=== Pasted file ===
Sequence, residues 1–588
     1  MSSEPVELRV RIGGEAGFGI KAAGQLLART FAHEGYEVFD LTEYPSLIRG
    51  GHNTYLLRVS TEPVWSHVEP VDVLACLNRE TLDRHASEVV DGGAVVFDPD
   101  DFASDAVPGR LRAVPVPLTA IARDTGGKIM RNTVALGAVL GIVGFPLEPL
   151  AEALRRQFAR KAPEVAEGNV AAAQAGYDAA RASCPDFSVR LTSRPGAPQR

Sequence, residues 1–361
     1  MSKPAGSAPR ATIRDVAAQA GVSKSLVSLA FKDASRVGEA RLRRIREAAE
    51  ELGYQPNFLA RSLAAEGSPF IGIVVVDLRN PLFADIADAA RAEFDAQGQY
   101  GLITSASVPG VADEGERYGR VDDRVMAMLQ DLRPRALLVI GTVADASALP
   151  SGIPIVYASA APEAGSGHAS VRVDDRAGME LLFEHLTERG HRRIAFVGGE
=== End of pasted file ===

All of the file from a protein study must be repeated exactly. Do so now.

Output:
Sequence, residues 1–588
     1  MSSEPVELRV RIGGEAGFGI KAAGQLLART FAHEGYEVFD LTEYPSLIRG
    51  GHNTYLLRVS TEPVWSHVEP VDVLACLNRE TLDRHASEVV DGGAVVFDPD
   101  DFASDAVPGR LRAVPVPLTA IARDTGGKIM RNTVALGAVL GIVGFPLEPL
   151  AEALRRQFAR KAPEVAEGNV AAAQAGYDAA RASCPDFSVR LTSRPGAPQR

Sequence, residues 1–361
     1  MSKPAGSAPR ATIRDVAAQA GVSKSLVSLA FKDASRVGEA RLRRIREAAE
    51  ELGYQPNFLA RSLAAEGSPF IGIVVVDLRN PLFADIADAA RAEFDAQGQY
   101  GLITSASVPG VADEGERYGR VDDRVMAMLQ DLRPRALLVI GTVADASALP
   151  SGIPIVYASA APEAGSGHAS VRVDDRAGME LLFEHLTERG HRRIAFVGGE